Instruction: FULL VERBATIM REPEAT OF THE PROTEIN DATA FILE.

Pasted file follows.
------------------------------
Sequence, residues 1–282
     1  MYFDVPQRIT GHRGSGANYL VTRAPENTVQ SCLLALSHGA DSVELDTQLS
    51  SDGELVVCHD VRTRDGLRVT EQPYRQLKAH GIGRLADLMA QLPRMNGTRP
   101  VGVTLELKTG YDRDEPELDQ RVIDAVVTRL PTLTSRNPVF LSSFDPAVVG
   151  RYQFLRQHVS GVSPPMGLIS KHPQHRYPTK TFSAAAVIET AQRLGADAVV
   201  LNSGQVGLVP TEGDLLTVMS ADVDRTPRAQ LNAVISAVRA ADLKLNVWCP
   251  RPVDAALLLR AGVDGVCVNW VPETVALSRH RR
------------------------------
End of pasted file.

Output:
Sequence, residues 1–282
     1  MYFDVPQRIT GHRGSGANYL VTRAPENTVQ SCLLALSHGA DSVELDTQLS
    51  SDGELVVCHD VRTRDGLRVT EQPYRQLKAH GIGRLADLMA QLPRMNGTRP
   101  VGVTLELKTG YDRDEPELDQ RVIDAVVTRL PTLTSRNPVF LSSFDPAVVG
   151  RYQFLRQHVS GVSPPMGLIS KHPQHRYPTK TFSAAAVIET AQRLGADAVV
   201  LNSGQVGLVP TEGDLLTVMS ADVDRTPRAQ LNAVISAVRA ADLKLNVWCP
   251  RPVDAALLLR AGVDGVCVNW VPETVALSRH RR